If all movies could be viewed on DVD from one’s couch, well, a lot of things would happen. Film critics would be mostly out of work. The $5 “small” popcorn would be rightly seen as some sort of sick joke. And we’d all enjoy the movies more.
Case in point, this weekend: “Lord of War,” a $3.99 pay-per-view choice that I could see was flawed, probably correctly reviewed at three stars rather than four (and those were the generous ones), and yet I enjoyed it just the same. Take away the hassle, cost and unpleasantness of the theater experience and I like a lot more movies.
And I’m a sucker for movies like this; am I the only one out there who likes voiceover narration? Talky, bleakly funny, with a point of view but smart enough to know it has to be entertaining first — none of this bothers me. The movie’s about an international arms dealer who sometimes questions the morality of his work, but not very often. It points out one of those stories that lots of people know about, but not enough of them, how the breakup of the Soviet Union and end of the Cold War dumped billions of dollars of weaponry on the black and gray markets, where they were snapped up by two-bit despots all over the globe. There’s a brief ode to the AK-47, the Volkswagen Beetle of death:
Of all the weapons in the vast soviet arsenal, nothing was more profitable than Avtomat Kalashnikova model of 1947. More commonly known as the AK-47, or Kalashnikov. It’s the world’s most popular assault rifle. A weapon all fighters love. An elegantly simple 9 pound algamation of forged steel and plywood. It doesn’t break, jam, or overheat. It’ll shoot whether it’s covered in mud or filled with sand. It’s so easy, even a child can use it; and they do. The Soviets put the gun on a coin. Mozambique put it on their flag. Since the end of the Cold War, the Kalashnikov has become the Russian people’s greatest export. After that comes vodka, caviar, suicidal novelists. One thing is for sure, no one was lining up to buy their cars.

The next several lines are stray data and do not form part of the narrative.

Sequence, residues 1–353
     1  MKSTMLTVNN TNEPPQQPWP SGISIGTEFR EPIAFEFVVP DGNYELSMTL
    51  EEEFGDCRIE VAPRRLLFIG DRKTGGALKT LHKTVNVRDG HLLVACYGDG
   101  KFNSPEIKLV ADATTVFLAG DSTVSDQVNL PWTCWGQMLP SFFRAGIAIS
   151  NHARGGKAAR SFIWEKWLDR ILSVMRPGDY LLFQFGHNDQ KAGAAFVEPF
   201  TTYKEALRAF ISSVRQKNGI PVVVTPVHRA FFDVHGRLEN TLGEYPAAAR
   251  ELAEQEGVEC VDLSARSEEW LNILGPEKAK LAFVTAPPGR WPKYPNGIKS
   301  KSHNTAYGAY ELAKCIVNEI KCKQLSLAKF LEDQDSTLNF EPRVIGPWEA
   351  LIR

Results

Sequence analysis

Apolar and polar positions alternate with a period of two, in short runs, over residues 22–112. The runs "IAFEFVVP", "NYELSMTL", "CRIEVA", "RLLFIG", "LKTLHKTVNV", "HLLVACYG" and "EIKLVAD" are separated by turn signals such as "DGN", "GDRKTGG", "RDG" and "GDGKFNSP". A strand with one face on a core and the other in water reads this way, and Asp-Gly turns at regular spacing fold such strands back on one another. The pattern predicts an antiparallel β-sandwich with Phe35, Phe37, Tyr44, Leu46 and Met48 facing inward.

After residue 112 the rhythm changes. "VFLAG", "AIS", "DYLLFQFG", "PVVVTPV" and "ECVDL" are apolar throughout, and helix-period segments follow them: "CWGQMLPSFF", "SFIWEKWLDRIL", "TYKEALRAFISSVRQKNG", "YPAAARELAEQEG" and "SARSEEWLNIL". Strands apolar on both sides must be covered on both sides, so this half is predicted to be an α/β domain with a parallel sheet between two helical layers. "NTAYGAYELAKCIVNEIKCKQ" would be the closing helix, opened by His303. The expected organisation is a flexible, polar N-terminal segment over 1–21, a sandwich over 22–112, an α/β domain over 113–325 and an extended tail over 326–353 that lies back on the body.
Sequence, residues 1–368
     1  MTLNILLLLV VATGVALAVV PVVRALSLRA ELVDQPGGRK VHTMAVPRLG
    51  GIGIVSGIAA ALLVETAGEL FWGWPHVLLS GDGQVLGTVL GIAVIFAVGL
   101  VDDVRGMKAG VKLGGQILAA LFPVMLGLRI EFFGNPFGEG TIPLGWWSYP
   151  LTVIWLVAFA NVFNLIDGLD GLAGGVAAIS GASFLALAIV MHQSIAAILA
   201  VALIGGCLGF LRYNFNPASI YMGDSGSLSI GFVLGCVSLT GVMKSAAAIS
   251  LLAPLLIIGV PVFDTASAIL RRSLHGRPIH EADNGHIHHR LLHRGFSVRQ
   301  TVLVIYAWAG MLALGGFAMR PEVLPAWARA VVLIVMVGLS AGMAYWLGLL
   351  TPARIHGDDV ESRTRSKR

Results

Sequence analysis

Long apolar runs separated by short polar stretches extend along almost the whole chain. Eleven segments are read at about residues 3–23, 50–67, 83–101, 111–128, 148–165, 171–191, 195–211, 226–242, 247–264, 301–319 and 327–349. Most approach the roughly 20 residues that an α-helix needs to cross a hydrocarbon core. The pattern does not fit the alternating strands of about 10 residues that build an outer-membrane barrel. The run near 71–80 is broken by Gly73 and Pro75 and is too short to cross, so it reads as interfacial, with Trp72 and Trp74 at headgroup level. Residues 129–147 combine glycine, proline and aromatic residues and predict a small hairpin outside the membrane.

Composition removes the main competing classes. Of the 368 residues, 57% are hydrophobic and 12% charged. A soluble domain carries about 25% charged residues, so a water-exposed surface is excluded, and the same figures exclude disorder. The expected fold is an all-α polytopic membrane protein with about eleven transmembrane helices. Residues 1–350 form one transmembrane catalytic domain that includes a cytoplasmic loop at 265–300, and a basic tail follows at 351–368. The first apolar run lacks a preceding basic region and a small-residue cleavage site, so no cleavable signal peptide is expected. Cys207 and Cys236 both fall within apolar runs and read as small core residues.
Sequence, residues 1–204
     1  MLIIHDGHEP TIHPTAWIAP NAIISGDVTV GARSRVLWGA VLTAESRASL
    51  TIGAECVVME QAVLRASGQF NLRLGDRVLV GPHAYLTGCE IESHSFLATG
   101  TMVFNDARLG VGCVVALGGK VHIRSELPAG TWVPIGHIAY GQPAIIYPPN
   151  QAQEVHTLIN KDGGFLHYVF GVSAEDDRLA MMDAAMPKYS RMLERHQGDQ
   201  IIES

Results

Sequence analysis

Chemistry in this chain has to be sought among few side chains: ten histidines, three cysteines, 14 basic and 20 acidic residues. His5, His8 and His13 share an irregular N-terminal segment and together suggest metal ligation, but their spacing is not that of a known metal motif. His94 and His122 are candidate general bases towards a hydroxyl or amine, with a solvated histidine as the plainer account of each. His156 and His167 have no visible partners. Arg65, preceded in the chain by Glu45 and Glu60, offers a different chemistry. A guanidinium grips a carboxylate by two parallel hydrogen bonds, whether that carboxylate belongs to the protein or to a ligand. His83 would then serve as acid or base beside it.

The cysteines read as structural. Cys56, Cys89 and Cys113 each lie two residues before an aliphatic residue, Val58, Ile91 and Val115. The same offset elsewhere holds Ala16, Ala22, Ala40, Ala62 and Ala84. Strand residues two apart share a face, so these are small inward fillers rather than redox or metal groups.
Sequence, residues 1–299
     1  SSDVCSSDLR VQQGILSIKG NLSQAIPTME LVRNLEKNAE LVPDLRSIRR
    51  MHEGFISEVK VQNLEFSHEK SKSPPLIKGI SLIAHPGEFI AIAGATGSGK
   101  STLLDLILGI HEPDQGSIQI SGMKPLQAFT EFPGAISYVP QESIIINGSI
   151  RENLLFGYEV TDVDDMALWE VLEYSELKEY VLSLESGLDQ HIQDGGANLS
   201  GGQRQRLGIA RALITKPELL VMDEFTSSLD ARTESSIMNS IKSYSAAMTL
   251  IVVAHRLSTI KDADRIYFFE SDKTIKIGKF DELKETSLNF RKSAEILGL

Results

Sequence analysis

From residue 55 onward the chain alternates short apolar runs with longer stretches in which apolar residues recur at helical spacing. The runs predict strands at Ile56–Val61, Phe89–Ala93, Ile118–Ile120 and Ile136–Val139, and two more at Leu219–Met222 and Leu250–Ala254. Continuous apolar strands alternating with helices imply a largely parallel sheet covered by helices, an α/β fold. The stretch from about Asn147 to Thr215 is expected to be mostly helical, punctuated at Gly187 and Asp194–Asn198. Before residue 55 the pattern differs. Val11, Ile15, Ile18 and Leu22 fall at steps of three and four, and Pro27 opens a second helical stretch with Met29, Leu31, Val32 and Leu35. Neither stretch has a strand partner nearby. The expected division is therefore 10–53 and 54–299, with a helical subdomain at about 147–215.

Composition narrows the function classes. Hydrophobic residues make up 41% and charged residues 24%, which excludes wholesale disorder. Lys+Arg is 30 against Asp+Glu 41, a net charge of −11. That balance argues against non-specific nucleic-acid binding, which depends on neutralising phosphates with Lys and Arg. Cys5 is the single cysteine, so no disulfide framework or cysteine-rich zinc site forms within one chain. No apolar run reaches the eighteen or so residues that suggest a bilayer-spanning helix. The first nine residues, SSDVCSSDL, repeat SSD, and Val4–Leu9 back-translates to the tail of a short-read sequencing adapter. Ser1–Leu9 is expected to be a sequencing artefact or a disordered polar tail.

It so happens I learned all this on my own a year or so ago, when I was editing an underreported story in which the AK-47 played a central role. I did some web-surfing and found this rifle has a devoted following. Mikhail Kalashnikov is still living, apparently, and all his biographers manage to credit him with a great invention without pointing out the obvious — that his work has led to oceans of blood spilled and millions of deaths. Oh, well; if not him, someone else. History’s eternal lament.
OK, then. The bloggage:
Is there no angle the Indiana time-change story cannot produce? Apparently not: “It’s going to put a damper on the Jewish partying scene,” said Rabbi Arnold Bienstock, of the Congregation Shaarey Tefilla, a conservative Northside synagogue. Bienstock said Saturday nights are popular times for Jewish weddings and bar mitzvahs. But those will be pushed later into the evening for his congregation because they must wait until the Sabbath has concluded.
Ha. It so happens my friend Cindy had a Saturday-night Jewish wedding, and in June, no less, in a DST-observing state. Put a damper on things? The wedding started — started — with a two-hour cocktail party, after which, Sabbath ended, the couple was properly married, smashed the glass and then kicked off a late supper and dance party. Tell the rabbi he just needs to redefine what he considers the “Jewish partying scene.”